Mon Dec 25, 2017 1:06 am

I played flight simulator as a kid, and I'm currently working on my PPL. What I can say is that playing the sim taught me a lot about how the instruments work, the traffic pattern, airport signage, and basic procedures, but that's the extent to which the overlap is useful. Stick and rudder stuff had to be learned. Basically, ask yourself what's the same and what's different between the sim and the real world, and that will tell you your answers.
 
geologyrocks
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Re: Will having a flight simulator help me get an airline job?

Mon Dec 25, 2017 1:25 am

Andre3K wrote:

You don't have to sound so harsh with it.

The biggest thing lacking is actual physical switches, hardware and motion.

If this were not the case, my company wouldn't be selling P3D V4 Professional Plus for over $2000. And trust me it's being purchased by training companies and military clients. So to say it's of no use is just you being a dick to this guy for your own pride.

Now I do agree that if you are to the point where you are ready to interview, it's not going to do much for you.


He’s not being harsh. The kid asked a question and he got a good answer. Does your company sell your simulators on the basis that it’s going to help get you a job with an airline? Preparing for flight school - sure. Learning the basics? Sure. But don’t try to sell a simulator as a way to get an airline job.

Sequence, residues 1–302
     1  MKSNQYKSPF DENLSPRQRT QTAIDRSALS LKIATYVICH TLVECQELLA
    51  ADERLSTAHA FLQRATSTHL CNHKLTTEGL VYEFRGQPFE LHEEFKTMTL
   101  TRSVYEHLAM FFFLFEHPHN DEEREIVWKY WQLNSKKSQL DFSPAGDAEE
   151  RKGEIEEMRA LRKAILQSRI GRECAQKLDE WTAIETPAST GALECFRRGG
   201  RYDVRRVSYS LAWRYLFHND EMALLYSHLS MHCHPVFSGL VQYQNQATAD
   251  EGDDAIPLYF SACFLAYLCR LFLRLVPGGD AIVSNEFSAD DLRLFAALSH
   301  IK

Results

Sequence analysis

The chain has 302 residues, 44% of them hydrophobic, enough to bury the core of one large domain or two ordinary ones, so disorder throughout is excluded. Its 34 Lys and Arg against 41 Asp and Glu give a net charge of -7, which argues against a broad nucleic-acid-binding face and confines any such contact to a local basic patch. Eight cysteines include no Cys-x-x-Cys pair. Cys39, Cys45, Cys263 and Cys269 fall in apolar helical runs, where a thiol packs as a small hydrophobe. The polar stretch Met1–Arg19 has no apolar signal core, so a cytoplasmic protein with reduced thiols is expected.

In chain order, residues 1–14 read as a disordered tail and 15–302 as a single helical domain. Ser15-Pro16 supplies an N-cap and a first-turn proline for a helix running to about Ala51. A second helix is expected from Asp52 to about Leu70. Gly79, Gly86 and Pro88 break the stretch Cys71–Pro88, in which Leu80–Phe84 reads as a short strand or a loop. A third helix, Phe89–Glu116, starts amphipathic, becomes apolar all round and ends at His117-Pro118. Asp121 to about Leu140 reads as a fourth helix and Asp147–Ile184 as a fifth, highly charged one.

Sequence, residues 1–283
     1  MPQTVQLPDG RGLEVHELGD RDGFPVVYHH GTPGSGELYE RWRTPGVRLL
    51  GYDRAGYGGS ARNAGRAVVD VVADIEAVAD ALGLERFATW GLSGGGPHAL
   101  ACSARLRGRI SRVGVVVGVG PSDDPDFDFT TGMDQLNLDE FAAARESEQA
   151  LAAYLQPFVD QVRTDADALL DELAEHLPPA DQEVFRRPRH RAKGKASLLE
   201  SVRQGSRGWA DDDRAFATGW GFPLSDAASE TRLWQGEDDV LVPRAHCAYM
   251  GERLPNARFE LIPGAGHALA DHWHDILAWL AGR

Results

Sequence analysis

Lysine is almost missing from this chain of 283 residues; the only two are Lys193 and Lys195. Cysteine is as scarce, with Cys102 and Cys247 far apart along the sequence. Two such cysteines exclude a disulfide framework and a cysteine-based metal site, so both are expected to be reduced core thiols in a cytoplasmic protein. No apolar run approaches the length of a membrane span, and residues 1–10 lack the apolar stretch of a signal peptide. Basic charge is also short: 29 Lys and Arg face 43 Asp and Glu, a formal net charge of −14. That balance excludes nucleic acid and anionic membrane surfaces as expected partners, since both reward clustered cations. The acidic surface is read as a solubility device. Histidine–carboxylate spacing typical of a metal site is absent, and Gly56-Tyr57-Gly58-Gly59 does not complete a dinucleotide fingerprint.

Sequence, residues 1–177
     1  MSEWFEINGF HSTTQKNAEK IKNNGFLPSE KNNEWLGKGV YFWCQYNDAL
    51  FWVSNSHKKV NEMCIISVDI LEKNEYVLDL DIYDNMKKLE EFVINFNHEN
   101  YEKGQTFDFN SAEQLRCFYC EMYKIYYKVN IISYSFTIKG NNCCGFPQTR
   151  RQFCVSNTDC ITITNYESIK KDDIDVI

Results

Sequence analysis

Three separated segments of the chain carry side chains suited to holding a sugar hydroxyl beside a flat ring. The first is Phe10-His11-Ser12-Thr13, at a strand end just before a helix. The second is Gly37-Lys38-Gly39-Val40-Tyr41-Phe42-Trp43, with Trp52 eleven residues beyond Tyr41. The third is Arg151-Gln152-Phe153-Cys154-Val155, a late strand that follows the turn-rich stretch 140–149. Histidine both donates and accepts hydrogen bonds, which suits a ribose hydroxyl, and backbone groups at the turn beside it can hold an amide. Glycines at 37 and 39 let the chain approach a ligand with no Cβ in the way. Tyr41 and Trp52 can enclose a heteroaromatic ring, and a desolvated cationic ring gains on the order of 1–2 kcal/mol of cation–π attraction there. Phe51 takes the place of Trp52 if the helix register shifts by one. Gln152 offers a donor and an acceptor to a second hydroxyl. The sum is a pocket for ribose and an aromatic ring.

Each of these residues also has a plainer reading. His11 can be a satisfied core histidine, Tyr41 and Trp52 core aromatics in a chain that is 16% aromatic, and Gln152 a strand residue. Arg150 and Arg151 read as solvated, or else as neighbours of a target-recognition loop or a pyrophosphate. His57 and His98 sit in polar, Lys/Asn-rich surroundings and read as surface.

And as others stated - do not put that on your resume.
 
pwm2txlhopper
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Re: Will having a flight simulator help me get an airline job?

Mon Dec 25, 2017 3:41 am

Andre3K wrote:
mmo wrote:
It will have no impact at all. Unless you have a full Cat D sim in your house/back yard, you are wasting your time with a desk top based sim program. If you have enough hours/experience to be competitive for an airline, a sim won't make a hill of beans difference.


You don't have to sound so harsh with it.

The biggest thing lacking is actual physical switches, hardware and motion.

If this were not the case, my company wouldn't be selling P3D V4 Professional Plus for over $2000. And trust me it's being purchased by training companies and military clients. So to say it's of no use is just you being a dick to this guy for your own pride.

Now I do agree that if you are to the point where you are ready to interview, it's not going to do much for you.


He's just being blunt. Keeping it real.

Sure, there's people who will pay for it. Especially with the right marketing to computer geeks dreaming of becoming a pilot. Doesn't mean it's going to teach you to fly. You might learn to read instruments, and get a introduction to IFR navigation. Aside from that, it's just a game. How do you learn the basics like slow flight without stalling out, or stall recovery? What to do in a stall induced spin? Those are things you can only learn hands on. Not at home in front of computer.

I use to be a huge MS Flight Simmer before I started taking flying lessons when I was 19. After about ten hours of flying C-152, I completely lost interest in MS flight Sim. In fact, it became really pretty boring. It taught me nothing about actual hands on flying. The only thing I gained was rudimentary introduction of IFR navigation using VORs, and reading basic instruments.

I would recommend getting a job to pay for flying lessons. Or, join a flying club or Civil Air Patrol with a plane and instructor availible at a reduced rate than you'd pay at an FBO. Fortunetly, when I learned to fly, you could rent a Cessna 1-52 and instructor for $100 per hour. Those days have passed. Not sure I could afford it these days.
 
benjjk
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Re: Will having a flight simulator help me get an airline job?